Developing some means of affecting public risk perception and risk acceptance—means that would be compatible with our participatory form of democracy—became important to risk managers when early risk perception research showed that public thinking about risks differed from, and was often unaffected by, assessments of risk by technical experts. The field of risk communication research was developed during the 1980s to devise ways of bridging the public/expert risk judgment gap. In the 1990s, Slovic argued that risk communication had not yet lived up to its promise. The primary reason cited by Slovic for this failure was lack of attention to the key role of trust in risk communication. Given a context of trust, he observed, risk communication seemed easy. But, lacking trust, risk communication seemed impossible. Slovic concluded that trust is more fundamental to conflict resolution than is risk communication. Inspired by Slovic, a small group of risk researchers began to focus on studies of trust in risk management, eventually developing the TCC Model (Trust, Confidence, and Cooperation), the basic form of which is shown above.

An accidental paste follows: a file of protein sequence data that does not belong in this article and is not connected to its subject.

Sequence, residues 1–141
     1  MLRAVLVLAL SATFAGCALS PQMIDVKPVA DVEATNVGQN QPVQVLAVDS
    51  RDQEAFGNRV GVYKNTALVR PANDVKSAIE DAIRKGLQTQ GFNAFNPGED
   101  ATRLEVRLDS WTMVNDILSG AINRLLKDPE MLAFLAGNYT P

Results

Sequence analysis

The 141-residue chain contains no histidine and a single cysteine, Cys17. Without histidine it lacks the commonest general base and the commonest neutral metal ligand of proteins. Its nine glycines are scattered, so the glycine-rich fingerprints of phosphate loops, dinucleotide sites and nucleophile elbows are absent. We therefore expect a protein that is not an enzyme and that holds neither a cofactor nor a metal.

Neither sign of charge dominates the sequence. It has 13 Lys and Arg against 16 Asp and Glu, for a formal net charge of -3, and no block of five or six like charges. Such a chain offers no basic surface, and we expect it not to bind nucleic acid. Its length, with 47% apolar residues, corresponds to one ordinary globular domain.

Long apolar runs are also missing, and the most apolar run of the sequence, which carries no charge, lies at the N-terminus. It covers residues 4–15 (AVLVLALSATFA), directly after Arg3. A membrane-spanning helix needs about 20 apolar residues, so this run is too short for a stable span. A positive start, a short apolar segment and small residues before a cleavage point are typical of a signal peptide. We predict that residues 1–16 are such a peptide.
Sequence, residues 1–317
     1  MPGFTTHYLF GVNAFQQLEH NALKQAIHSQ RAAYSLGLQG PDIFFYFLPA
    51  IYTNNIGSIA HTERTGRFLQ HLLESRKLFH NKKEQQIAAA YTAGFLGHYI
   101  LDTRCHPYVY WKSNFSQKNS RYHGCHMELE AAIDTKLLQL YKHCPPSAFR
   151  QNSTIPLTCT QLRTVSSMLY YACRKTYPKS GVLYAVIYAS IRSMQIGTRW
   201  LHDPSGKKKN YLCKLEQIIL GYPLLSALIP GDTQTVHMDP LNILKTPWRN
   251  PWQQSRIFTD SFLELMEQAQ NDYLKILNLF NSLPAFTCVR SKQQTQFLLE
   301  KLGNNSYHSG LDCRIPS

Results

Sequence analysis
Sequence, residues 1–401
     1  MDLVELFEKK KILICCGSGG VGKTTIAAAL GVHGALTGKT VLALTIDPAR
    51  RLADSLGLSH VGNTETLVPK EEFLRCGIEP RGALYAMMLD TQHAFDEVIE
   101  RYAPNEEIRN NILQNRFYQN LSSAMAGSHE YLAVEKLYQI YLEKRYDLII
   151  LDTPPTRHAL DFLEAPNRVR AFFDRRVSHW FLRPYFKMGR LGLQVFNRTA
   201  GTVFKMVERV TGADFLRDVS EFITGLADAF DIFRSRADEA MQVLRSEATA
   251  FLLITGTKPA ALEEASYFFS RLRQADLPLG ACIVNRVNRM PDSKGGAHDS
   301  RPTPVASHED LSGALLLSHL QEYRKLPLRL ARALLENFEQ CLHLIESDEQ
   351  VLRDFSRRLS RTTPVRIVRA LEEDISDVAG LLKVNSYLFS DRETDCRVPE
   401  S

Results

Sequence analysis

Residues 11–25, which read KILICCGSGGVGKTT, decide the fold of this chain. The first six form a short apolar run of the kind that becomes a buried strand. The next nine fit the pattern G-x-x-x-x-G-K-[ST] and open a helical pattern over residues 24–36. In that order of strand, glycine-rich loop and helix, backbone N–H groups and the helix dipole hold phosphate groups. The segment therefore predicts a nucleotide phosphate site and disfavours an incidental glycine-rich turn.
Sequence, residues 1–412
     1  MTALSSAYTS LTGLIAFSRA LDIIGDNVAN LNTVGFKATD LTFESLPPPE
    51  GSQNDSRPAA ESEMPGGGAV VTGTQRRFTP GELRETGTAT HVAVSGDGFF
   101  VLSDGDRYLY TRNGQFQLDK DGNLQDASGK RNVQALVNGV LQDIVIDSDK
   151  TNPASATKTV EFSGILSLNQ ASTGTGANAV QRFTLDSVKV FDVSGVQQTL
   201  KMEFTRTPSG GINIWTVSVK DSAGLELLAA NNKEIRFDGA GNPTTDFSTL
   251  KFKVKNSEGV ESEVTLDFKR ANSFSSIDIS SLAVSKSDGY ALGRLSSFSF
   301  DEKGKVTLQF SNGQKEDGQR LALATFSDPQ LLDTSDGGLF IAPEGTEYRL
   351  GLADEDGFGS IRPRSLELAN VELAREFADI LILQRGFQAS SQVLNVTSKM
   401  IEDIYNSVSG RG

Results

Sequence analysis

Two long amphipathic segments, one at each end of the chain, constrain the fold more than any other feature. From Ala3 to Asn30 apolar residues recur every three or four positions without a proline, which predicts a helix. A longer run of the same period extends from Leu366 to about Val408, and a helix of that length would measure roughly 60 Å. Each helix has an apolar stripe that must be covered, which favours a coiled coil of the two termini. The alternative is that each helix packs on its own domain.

At the core of the TCC model is the distinction between trust and confidence. Trust is social and relational; confidence is instrumental and calculative. We define trust as the willingness, in the expectation of beneficial outcomes, to make oneself vulnerable to another based on a judgment of similarity of intentions or values. Confidence is the belief, based on experience or evidence (e.g., past performance), that certain future events will occur as expected. The basis for trust is fundamentally a judgment of similarity between one person and another, that the person to be trusted would act as the trusting person would. Thus, trust is based on social relations, on shared values. The basis for confidence is past performance, or institutions designed to constrain future performance. Both trust and confidence, in a range of combinations, can lead to various forms of cooperation.
We also distinguish two basic types of trust, one within groups, and one across groups. Within-group trust includes what we call social trust (trust at a distance, based on limited information) and interpersonal trust (trust close at hand, based on repeated interaction). Across-group trust is called general trust (trust among strangers). Social trust and general trust are most relevant to risk management contexts. As the TCC Model shows, confidence is dependent on trust: Any judgment of confidence presupposes a relation of trust. That is, the descriptions on which confidence is based are justified and accepted only within the group or community of trust that generated them.